Perth County Conspiracy

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Perth County Conspiracy
Origin Stratford, Ontario, Canada
Genres Folk
Years active 1969 (1969)–1977 (1977)
Labels Columbia
Past members
  • Richard Keelan
  • Cedric Smith
  • Terry Jones
  • Michael Butler
  • George Taros
  • David Woodhead
  • Jerome Jarvis
  • Larry Brown
  • Paul Gellman
  • Peter Cheyne
  • Dorit Learned
  • Bob Burchill

Perth County Conspiracy, also known as Perth County Conspiracy (does not exist) was a Canadian folk music group based in Stratford, Ontario, active during the 1970s. Their music is characterised by its message-oriented lyrics and unconventional arrangements.


Perth County Conspiracy was formed in 1969.[1] The founding members were guitarist-singers Richard Keelan (formerly of the American band The Spike Drivers) and Cedric Smith,[2] who were joined by Terry Jones (guitar, vocals), Michael Butler (bass) and George Taros (piano, vocals) and other friends and family members.[3]

During the 1970s a number of others were a part of the Conspiracy, including David Woodhead, Jerome Jarvis, Larry Brown, Paul Gellman, Peter Cheyne and Dorit Learned.[4] In the mid-1960s through to the late 1970s, the Perth County Conspiracy would play nightly at Harry Finlay's Black Swan Coffee House in Stratford, Ontario, usually following the evening performances at the Stratford Shakespearean Festival Theatre. Oftentimes they would play until almost 4 a.m. The band organized an annual picnic on the opening night of the festival.[5] The group also toured across Canada playing at universities and also at Massey Hall.

The band signed with the Columbia label in 1970,[6] recorded two albums. The 1970 self-titled album features Shakespearian dialogue and audio collage elements mixed with folk and folk rock music that might place it in the genre of psychedelic folk.[7] Alive, recorded in 1971, was a live concert album.[8]

The band then went independent and released a string of records on their own.[9] Bob Burchill (guitar, vocals) joined the group in 1973. The group remain active until at least 1977.

Around 1990 former members of the band began to reunite once a year at a Black Swan Coffee House Revival in Stratford in support of homelessness in Perth County.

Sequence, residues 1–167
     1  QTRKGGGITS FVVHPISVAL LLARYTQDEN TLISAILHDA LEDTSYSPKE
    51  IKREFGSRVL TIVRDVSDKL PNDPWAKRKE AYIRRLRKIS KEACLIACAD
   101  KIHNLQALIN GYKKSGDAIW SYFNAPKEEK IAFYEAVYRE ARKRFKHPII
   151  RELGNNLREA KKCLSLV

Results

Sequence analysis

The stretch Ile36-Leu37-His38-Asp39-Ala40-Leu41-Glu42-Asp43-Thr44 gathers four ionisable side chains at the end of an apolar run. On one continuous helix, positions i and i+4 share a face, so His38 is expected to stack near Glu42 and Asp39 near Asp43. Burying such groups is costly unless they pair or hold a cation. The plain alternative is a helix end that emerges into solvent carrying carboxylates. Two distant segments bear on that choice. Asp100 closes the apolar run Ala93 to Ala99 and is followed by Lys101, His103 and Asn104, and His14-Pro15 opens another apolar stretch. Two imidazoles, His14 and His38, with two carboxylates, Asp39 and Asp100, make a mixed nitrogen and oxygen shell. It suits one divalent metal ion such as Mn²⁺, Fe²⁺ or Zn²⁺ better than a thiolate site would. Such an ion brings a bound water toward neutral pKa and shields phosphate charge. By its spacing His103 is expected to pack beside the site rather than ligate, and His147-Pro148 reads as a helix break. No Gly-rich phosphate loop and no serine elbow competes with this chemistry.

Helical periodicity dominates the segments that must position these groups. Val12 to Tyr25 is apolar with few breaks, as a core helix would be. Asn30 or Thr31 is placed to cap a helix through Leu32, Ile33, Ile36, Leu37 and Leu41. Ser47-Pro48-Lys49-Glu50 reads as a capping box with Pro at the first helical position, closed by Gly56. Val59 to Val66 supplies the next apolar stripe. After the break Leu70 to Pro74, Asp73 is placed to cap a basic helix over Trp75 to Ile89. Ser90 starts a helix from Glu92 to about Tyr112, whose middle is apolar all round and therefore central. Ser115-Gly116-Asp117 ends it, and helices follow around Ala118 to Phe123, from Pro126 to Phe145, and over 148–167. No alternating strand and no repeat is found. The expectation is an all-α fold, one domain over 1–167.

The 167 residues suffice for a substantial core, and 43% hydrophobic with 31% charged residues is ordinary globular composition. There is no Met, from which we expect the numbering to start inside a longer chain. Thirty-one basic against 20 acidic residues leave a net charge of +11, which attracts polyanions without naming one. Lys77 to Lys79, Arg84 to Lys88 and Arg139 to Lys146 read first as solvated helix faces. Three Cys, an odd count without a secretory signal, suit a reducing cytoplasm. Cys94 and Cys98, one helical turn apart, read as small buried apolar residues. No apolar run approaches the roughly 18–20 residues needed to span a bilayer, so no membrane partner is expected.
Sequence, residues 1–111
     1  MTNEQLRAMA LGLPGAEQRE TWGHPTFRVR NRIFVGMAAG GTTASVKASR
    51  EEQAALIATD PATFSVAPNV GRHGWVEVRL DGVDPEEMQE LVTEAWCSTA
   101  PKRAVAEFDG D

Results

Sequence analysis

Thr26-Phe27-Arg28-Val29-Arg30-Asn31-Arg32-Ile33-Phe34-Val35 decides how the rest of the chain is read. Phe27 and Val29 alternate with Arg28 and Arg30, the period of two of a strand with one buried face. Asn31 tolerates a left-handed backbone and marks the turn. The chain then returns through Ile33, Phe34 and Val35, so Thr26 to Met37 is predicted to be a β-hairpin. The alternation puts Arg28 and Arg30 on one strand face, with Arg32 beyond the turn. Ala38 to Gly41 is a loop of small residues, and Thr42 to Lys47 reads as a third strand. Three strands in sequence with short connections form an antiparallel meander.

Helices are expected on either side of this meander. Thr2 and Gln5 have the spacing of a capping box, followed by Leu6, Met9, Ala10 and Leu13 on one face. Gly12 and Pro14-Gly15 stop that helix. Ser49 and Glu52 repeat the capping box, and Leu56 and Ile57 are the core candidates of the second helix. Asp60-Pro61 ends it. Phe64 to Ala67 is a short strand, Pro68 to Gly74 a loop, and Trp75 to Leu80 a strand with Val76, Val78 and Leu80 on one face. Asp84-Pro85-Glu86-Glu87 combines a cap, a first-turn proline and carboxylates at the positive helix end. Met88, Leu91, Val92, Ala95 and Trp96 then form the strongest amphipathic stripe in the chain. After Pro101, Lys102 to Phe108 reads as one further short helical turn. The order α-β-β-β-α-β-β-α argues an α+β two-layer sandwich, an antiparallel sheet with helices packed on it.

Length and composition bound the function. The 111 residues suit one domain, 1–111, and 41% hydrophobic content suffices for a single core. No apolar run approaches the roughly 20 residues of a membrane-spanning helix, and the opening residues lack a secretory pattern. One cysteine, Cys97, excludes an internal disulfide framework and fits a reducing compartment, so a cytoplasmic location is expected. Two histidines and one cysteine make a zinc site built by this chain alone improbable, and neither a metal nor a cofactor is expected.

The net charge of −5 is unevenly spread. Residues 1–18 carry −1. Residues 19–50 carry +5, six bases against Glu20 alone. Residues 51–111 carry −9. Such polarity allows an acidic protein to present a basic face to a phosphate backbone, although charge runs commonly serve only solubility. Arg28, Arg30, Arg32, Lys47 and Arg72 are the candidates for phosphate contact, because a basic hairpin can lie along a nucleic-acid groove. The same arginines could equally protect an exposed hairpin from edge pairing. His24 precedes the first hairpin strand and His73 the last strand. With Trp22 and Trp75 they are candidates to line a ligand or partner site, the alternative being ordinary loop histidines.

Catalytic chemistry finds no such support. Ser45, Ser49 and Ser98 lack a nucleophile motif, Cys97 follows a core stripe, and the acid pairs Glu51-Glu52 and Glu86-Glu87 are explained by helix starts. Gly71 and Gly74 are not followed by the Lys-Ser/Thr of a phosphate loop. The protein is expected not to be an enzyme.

In 2011, the CBC radio show Inside the Music featured an hour-long exploration of the group and their music.[3]


  • Does Not Exist (Columbia, 1970, EKL-375)
  • The Perth County Conspiracy (CBC Radio, 1970)
  • Alive (2 LPs, Columbia, 1971, GES-90037)
  • What School Bus Tour (Rumour/Mushroom, 1973, RUMOUR-II)
  • Breakout to Berlin (Rumour, 1975, RUMOUR-V), also released as Kanada (Amiga 855 424 in GDR)
  • Ten Lost Years—And Then Some (Rumour, 1977)


  1. ^ Richard Lemm (1999). Milton Acorn: In Love and Anger. McGill-Queen's Press - MQUP. pp. 185–186. ISBN 978-0-88629-340-6. 
  2. ^ M. Sell (30 November 2010). Avant-Garde Performance and Material Exchange: Vectors of the Radical. Palgrave Macmillan UK. pp. 134–. ISBN 978-0-230-29894-1. 
  3. ^ a b "Dream Times: The Perth County Conspiracy …Does Not Exist". Inside the Music. November 6, 2011. Canadian Broadcasting Corporation. Retrieved October 29, 2014. 
  4. ^ Canada and the World. 1970. p. 99. 
  5. ^ Ellen Stafford (1972). Stratford Around and about. Fanfare Books. pp. 69–71. 
  6. ^ Ritchie Yorke (1 August 1970). "Columbia Records in Canadian Talent Drive". Billboard. Nielsen Business Media, Inc.: 57–. ISSN 0006-2510. 
  7. ^ "Inside the Music- Dream Times: The Perth County Conspiracy …Does Not Exist.". CBC Radio: Inside the Music, November 6, 2011
  8. ^ "Perth County Conspiracy Alive". AllMusic Review by Richie Unterberger
  9. ^ "Conspiracy Cuts LP in Church". Billboard. Nielsen Business Media, Inc.: 54– 13 March 1971. ISSN 0006-2510. 

External links[edit]

Perth County Conspiracy at AllMusic